Durable board books with bright illustrations. For babies
BOARD books for babies are looking better than ever. British author/illustrator Helen Oxenbury has been turning out smiley, round-faced baby characters for years. In the past her small fry have gone about the somewhat serious business of learning their tops from bottoms and dressing themselves to go grocery shopping. This season, though, they're up to mischievous fun in four sturdy ``big board'' books that ought to be a lasting investment at $4.95 each.
``Tickle, Tickle,'' ``Clap Hands,'' ``Say Goodnight,'' and ``All Fall Down'' (Macmillan, New York, ages 1 to 4) follow the playful antics of four ethnically distinct toddlers as they go ``squelch, squelch in the mud,'' ``bumpity, bumpity'' on an obliging dad's back, and ``swing low, swing high'' in the air. They play with one another and bounce off parents at angles that their short peers will love to imitate.
Oxenbury has added some soft pastels to her usual bold palette and the result is a comfortable, at-home tone. Toddlers will of course want to bang the books around, but they also may sit quietly with them from time to time - with mom or dad, or on their own - to follow the simple stories and to enjoy the feeling of togetherness that beams out from each page.
On-the-run preschoolers will find plenty to puzzle over and point to in a breezy collection of durable semi-boards from Doubleday. British photographer Fiona Pragoff has captured some nifty images and colors in ``Alphabet,'' ``Growing,'' ``What Color?'' and ``How Many?'' (Doubleday, New York, $4.95 each, ages 2 to 5).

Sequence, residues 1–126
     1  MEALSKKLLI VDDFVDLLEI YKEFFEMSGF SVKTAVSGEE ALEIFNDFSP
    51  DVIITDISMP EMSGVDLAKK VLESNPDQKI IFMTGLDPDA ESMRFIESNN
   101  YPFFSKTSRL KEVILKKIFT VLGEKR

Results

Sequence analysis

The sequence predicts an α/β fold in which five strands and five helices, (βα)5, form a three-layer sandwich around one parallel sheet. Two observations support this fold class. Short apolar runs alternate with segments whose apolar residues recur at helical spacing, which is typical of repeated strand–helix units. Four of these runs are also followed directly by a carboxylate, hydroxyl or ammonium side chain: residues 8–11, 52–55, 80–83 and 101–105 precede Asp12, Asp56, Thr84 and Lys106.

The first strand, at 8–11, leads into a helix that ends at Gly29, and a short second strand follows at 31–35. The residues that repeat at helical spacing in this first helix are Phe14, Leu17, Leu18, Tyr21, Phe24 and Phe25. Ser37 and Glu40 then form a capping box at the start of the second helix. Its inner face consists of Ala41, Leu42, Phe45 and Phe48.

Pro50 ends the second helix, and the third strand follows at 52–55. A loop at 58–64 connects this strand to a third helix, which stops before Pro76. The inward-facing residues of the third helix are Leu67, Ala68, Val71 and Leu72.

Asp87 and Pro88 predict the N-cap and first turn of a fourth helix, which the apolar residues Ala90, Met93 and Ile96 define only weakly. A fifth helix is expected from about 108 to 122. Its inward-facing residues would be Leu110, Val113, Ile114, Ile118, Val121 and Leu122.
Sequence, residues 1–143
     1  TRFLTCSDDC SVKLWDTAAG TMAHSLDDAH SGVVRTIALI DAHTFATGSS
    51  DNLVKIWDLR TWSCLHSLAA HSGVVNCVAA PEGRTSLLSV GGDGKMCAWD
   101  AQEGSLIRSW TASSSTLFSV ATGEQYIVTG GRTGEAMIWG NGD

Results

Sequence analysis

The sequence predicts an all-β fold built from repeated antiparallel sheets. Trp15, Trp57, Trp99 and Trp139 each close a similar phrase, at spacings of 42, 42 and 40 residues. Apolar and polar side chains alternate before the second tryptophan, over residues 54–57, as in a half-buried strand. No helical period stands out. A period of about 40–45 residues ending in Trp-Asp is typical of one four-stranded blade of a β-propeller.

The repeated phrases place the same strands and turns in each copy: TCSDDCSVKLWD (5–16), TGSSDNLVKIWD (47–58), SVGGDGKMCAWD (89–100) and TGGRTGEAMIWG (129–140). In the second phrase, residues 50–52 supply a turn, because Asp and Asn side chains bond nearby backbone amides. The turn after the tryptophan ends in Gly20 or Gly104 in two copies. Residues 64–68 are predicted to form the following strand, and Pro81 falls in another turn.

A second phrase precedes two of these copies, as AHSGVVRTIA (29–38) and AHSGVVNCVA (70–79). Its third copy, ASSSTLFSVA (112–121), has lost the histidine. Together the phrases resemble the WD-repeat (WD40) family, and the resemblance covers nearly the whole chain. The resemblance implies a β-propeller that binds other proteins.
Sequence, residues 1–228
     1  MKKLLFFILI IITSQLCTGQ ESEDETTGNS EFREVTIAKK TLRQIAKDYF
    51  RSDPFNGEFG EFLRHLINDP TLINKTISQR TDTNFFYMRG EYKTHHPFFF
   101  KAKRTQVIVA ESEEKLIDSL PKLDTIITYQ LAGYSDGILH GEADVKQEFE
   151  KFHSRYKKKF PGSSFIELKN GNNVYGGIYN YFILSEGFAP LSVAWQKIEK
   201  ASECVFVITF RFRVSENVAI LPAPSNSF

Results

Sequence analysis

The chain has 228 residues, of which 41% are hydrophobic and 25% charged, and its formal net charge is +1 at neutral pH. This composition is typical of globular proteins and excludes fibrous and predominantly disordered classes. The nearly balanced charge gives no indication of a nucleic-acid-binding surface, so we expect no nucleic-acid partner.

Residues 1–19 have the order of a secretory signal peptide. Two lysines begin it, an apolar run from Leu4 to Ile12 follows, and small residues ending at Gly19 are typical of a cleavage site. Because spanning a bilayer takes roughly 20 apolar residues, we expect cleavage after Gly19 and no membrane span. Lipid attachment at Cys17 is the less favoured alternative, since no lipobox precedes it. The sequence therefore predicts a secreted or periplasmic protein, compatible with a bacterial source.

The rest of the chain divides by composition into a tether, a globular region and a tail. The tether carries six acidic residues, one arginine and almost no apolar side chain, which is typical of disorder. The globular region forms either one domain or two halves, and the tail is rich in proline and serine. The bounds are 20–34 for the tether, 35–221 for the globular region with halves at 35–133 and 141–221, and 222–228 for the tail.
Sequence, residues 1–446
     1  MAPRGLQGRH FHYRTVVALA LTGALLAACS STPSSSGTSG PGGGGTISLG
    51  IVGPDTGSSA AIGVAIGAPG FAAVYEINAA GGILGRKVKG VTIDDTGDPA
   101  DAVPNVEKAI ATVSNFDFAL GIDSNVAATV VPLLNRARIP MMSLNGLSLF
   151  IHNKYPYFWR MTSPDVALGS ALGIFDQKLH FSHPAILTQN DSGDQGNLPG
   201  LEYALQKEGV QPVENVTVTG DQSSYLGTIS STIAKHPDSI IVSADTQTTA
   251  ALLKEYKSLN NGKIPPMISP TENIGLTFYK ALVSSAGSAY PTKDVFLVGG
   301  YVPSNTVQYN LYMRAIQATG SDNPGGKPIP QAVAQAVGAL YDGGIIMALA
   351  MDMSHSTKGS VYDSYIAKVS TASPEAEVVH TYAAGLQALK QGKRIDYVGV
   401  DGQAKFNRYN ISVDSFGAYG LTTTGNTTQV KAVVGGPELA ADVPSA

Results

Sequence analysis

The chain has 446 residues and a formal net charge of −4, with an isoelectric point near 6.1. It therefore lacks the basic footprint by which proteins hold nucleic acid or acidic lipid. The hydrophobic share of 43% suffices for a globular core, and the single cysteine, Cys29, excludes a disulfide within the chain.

Granted, there are the standard yellow chicks and red ladybugs in ``What Color?'' and a few of her innovations miss the mark, like the ``gold'' and ``silver'' fishes that look like one and the same swimmer. But there's a turquoise butterfly that saves the day, a gray mouse that even a mom could love, and some slippery green frogs ready to leap off the page and into the reader's lap. ``Alphabet'' features similarly striking shots, including two pages full of ``L'' leaves and a bright yellow ``Y'' yolk. And ``How Many?'' pulls clever tricks with socks, bananas, wristwatches, crayons, and even painted eggs.
For quiet moments shared by growing families, Jan Ormerod's new series will fill a special need. ``Bend and Stretch,'' ``Making Friends,'' ``Mom's Home,'' and ``This Little Nose'' (Lothrop, Lee & Shepard, New York, $5.95 each, 24 pages each, ages 2 to 4) shows how one expectant mom finds playful, purposeful ways to spend time with her toddler. They exercise together, make friends with the coming baby's new doll, explore shopping baskets, and - most important of all - share lots of cuddles. A nice addition to the growing field.